Bob

AV Famicom HVC-101 – Audio Balance Restoration Mod

This is a guest post from fluxcore that details how to improve audio from your NES/Famicom and make them sound closer to the proper audio the original Famicom outputs…

Obtaining decent audio output from the Famicom and NES systems has always been an issue – the original, ‘reference’ console, the Famicom (model HVC-001), only provides RF output as standard, requiring a modification to get any kind of decent quality audio out, and even then has a large amount of background noise.  The western NES systems don’t retain the cartridge expansion audio capability, instead redirecting the mixing to the expansion port on the bottom of the console, resulting in all Japanese cartridges, including the Famicom Disk System, having incomplete sound even when using cartridge converters. Without mods, there is no way for the NES to pass on the audio from the cartridge slot to the audio amp.

Further complicating matters, later HVC-001 Famicom revisions (HVC-CPU-GPM-01 and HVC-CPU-GPM-02, with the “FF” logo on the front) have their internal audio volume drastically altered by reducing the gain of the on-board amplifier while the redesigned model, the HVC-101, commonly known as the “AV” or “New” Famicom, sports a completely different audio circuit design. Both of these result in expansion audio mixing that is far too loud compared to prior revisions.

Compare the following recordings of Akumajou Densetsu (stage 1 music), a very popular cartridge used to show off the sound possibilities of the Famicom when coupled with expansion audio from cartridges with their own audio hardware.Famicom HVC-001 with line audio output mod: https://soundcloud.com/lanosk/akumajoudensetsu-ogfamiav-mod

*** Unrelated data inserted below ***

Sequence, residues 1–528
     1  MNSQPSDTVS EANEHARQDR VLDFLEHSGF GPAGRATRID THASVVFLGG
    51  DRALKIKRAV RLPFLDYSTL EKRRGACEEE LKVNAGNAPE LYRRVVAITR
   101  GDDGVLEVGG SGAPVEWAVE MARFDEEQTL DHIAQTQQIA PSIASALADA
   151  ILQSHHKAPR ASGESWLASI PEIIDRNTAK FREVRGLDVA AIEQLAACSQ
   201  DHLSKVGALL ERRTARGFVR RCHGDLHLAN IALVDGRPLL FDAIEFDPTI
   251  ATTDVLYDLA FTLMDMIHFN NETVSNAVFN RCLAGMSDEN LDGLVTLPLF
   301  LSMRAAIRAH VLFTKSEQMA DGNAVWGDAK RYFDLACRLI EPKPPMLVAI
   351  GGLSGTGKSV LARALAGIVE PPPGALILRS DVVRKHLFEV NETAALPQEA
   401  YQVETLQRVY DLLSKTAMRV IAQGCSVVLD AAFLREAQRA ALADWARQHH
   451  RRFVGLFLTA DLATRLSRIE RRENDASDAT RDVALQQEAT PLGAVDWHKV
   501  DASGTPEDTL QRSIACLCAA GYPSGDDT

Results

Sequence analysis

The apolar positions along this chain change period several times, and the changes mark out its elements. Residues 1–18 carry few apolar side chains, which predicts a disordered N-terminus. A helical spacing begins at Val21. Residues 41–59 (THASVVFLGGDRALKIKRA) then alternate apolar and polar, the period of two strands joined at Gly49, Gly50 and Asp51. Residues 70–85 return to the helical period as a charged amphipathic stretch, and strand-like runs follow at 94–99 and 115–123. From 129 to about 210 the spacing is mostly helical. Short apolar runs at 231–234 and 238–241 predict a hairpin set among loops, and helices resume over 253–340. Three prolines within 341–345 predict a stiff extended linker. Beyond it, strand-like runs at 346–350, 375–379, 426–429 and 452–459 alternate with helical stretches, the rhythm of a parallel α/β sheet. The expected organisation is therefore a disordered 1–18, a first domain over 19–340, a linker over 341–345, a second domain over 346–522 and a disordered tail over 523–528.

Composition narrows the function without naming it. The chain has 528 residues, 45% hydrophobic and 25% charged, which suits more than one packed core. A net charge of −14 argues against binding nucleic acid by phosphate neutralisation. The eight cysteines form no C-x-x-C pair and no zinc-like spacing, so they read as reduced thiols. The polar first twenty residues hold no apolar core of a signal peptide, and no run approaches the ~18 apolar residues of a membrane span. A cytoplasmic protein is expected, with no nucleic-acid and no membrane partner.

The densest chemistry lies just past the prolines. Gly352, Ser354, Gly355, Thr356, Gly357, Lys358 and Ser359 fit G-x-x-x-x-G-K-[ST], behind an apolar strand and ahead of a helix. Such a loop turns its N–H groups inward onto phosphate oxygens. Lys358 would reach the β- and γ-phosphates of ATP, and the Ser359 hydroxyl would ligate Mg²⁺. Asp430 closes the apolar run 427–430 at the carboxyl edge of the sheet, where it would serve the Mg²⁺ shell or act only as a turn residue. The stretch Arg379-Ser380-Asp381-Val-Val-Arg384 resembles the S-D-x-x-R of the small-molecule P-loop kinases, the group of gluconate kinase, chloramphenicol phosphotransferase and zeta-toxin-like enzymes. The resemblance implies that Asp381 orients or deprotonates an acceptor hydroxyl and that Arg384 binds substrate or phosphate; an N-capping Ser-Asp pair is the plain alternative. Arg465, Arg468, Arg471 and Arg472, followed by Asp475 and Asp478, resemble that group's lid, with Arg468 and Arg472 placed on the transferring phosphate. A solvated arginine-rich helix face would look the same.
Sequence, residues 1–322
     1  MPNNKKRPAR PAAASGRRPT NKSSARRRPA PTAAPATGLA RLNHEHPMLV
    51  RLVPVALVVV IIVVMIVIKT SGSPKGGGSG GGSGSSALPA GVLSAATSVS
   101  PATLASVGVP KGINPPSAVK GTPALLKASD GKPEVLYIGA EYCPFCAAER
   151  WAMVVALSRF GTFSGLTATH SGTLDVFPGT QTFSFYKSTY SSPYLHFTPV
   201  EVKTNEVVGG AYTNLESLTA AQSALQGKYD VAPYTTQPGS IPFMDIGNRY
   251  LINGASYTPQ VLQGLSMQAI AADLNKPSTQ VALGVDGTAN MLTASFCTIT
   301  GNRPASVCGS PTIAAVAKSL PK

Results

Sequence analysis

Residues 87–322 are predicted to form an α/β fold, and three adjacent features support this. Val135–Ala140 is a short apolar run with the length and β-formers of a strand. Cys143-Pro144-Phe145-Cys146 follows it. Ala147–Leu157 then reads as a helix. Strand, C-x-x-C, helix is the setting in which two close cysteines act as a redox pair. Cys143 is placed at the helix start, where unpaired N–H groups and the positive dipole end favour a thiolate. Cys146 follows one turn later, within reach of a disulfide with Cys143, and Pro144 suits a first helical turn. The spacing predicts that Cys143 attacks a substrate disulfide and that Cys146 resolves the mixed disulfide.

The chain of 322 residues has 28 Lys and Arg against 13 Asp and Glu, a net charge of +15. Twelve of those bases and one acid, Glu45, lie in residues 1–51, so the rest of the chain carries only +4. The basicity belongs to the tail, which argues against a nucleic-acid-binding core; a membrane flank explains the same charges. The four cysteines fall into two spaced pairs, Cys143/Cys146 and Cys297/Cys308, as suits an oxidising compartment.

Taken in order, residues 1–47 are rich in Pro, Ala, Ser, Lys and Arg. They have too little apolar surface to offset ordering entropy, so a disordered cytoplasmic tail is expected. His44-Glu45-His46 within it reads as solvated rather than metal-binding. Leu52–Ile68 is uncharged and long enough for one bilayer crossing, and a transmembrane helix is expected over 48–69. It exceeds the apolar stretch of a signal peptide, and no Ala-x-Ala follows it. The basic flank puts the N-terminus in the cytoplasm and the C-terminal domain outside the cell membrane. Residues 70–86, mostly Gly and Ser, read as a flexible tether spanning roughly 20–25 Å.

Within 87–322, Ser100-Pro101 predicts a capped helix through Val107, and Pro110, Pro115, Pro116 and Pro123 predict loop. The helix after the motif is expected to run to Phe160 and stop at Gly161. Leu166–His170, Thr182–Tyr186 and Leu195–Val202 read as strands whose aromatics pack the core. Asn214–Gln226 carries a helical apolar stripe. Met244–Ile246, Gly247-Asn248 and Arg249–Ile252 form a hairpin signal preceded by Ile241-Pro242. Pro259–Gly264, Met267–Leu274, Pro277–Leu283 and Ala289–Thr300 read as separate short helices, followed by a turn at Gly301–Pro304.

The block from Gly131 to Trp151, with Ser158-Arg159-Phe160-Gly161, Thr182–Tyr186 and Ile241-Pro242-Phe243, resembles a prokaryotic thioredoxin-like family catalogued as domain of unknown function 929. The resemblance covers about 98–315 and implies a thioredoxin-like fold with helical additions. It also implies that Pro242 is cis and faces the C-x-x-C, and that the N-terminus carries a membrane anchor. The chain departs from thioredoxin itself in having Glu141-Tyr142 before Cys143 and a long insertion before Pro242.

Stock AV Famicom HVC-101: https://soundcloud.com/lanosk/akumajoudensetsu-avfamistock-audio-wbuck-converterAs you can hear, the AV Famicom’s mixing circuit results in a horribly mismatched sound, with the drums almost inaudible and the main synths absolutely dominant. The track is a shadow of its former self.  It’s not obvious why Nintendo changed the audio circuits, and especially so noticeably.

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While some later carts (notably Gimmick) may potentially have been created with this newer mixing circuit in mind, it’s not definitely clear which mixing method actually sounds better in those cases. Regardless, the vast majority of carts with expansion audio are clearly made for the HVC-001 circuit.

Potential mods for restoring the original mix have been explored in forums for many years, but none were ever considered ‘complete’ – most resulting in an overdriven and distorted signal in an attempt to raise the CPU audio up to the level of the expansion audio. A more thoroughly bypassed mod is required.

Master audio circuit modder Ace (https://twitter.com/Ace9921Tweets) has designed a set of alterations for the AV Famicom when coupled with the NESRGB board (https://etim.net.au/nesrgb/which result in a vastly improved audio output. Compare the below with the previous two captures.

AV Famicom HVC-101 with NESRGB and Ace audio mod: https://soundcloud.com/lanosk/akumajoudensetsu-avfamiacemod-1

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The drums and synths are back in balance, allowing the instrumentation to be heard in full. Before, the AV Famicom was an excellent choice for cartridges without expansion sound – now it also excels with them.Assuming you have an NESRGB and stock AV Famicom handy, here are the instructions to follow for Ace’s audio restoration mod: